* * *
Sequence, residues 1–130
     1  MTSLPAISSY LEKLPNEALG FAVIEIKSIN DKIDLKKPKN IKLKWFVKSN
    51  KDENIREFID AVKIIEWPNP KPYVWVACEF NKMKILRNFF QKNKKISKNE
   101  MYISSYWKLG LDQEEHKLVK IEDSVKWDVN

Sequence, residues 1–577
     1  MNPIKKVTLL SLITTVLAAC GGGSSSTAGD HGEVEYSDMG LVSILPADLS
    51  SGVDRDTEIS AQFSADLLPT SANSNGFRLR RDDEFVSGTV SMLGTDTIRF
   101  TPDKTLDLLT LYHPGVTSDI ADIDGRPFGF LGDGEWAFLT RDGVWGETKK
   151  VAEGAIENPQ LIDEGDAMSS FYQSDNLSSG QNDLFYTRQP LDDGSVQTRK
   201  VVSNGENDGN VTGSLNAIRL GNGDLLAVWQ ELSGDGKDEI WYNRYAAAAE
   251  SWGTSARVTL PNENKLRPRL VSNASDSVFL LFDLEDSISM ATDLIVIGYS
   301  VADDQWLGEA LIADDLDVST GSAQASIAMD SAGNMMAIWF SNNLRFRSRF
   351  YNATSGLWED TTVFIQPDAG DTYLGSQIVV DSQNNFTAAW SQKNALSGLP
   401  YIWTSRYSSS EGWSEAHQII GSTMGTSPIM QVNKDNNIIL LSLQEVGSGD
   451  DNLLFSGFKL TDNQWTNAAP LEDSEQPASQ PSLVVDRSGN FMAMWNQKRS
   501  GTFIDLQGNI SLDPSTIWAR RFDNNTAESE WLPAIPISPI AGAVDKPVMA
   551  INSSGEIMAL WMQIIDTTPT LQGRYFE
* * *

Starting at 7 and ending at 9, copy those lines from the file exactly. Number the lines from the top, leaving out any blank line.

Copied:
    51  SGVDRDTEIS AQFSADLLPT SANSNGFRLR RDDEFVSGTV SMLGTDTIRF
   101  TPDKTLDLLT LYHPGVTSDI ADIDGRPFGF LGDGEWAFLT RDGVWGETKK
   151  VAEGAIENPQ LIDEGDAMSS FYQSDNLSSG QNDLFYTRQP LDDGSVQTRK